Friday, January 13, 2012: 8:00 AM-9:45 AM
Independence D (Grand Hyatt Washington)
Cluster: Poverty and Social Policy
Mary E. A. Caplan, MSW, University of California, Berkeley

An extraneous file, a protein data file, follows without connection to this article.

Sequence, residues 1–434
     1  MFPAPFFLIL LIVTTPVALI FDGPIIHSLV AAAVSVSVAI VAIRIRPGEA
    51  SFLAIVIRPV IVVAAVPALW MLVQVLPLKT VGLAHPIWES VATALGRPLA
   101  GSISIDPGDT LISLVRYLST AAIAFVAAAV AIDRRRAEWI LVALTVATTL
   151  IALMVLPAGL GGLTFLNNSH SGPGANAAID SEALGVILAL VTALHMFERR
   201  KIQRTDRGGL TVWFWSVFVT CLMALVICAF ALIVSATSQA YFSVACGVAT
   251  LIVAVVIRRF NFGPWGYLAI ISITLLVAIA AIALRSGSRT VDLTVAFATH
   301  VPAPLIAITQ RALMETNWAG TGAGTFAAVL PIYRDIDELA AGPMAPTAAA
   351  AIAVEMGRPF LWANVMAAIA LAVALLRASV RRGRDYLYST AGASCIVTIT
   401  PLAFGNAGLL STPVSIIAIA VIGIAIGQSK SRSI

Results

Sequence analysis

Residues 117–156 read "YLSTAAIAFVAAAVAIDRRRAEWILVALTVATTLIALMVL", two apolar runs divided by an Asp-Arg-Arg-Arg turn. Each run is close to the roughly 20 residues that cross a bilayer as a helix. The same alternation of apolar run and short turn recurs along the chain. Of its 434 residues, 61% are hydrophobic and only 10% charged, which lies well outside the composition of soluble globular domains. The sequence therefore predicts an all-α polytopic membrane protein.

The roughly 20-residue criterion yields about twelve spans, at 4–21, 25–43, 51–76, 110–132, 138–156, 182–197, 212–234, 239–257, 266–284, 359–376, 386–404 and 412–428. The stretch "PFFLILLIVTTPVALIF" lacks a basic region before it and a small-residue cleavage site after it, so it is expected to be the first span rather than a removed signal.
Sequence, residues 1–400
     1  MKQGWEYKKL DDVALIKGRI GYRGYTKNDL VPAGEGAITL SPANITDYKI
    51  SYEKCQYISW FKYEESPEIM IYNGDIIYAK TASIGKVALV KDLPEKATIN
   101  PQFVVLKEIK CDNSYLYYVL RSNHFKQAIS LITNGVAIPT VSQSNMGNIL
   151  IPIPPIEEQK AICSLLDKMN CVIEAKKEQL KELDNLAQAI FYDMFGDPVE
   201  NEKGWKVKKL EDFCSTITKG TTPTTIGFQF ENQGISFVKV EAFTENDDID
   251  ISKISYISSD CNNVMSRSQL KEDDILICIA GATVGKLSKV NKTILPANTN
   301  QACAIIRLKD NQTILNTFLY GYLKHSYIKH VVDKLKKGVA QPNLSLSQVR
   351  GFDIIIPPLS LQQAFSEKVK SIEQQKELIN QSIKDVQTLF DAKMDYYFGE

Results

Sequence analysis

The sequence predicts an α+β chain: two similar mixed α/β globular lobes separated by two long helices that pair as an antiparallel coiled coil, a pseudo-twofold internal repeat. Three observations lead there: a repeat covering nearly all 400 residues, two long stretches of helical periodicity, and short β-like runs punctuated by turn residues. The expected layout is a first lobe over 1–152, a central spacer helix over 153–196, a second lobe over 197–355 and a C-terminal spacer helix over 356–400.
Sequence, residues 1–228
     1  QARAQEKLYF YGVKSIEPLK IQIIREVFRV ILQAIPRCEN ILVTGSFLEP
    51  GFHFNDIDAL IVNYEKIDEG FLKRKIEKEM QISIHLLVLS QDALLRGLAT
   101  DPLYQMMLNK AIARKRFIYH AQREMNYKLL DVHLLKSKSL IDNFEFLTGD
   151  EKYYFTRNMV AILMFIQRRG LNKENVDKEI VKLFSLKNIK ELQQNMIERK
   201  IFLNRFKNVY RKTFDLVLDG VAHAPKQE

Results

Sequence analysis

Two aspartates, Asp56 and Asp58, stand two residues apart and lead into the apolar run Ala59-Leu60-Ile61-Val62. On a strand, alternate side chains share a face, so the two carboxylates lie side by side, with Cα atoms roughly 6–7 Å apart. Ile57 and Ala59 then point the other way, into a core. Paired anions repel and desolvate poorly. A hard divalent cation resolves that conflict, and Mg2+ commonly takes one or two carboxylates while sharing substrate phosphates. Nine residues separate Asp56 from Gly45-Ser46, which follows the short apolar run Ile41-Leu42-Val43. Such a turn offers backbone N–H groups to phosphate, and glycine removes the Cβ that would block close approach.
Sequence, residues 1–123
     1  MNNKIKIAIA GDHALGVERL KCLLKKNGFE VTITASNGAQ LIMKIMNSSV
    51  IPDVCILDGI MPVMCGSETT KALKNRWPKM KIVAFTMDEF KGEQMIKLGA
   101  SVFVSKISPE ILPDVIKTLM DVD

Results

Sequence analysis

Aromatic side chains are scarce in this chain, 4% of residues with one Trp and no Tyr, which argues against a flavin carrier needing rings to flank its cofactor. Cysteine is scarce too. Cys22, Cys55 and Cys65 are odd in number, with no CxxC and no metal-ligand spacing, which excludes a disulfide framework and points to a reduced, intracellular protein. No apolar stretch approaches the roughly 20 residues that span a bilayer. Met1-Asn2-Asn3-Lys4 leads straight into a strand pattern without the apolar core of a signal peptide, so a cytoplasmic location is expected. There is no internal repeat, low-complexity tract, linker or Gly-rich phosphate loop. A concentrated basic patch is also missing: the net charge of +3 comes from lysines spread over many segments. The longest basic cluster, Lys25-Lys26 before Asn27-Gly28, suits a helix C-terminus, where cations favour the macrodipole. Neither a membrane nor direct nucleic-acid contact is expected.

During the past thirty years in the United States, household consumption has outpaced income in the United States, with the bottom 60% of households spending all or most of their income on expenses of daily living. The use of credit, acquired both through mainstream channels (credit cards, credit lines, bank loans, and mortgage loans) and through the fringe credit market (pawn shops, car title loans, refund anticipation loans, payday loans and rent-to-own furniture), has risen exponentially during this same period of time. Credit has become easy to obtain through the liberalization of credit markets and is a culturally acceptable way of providing for consumption. At the same time that policy and culture have converged to create a landscape where debt is acceptable, encouraged, and perhaps necessary, the social safety net has changed considerably with the elimination of open-ended entitlements and growth in block grants. Policy changes that facilitated liberalization of credit products for the general public have coincided with a general fraying of the social safety net to produce a social reliance on credit. In this way, personal debt may have become a social safety net, providing resources that are unattainable through the welfare state or employment in the market. The phenomenon of a debt has been framed in the social work literature as an individual problem instead of one that is rooted socially, historically, economically and politically. This roundtable will provide an opportunity to explore the associations between recent trends in U.S. social policy and levels of personal debt, with a focus on the implications of this relationship on the poorest Americans. Drawing on welfare state literature as well as literature on personal debt, the presenter will pose the following questions for examination: How does personal debt act as a safety net during market shocks? How might welfare spending and the nature of welfare programs act as a moderating effect on the relationship between personal debt and market shocks? And finally, what can be theorized about the relationship between changing conditions of capitalism, the social safety net/welfare state, and the accumulation of personal debt? The goal of the roundtable is to stimulate discussion about the intersections between debt and social policy in order to advance the research agenda in this important field of overlap.
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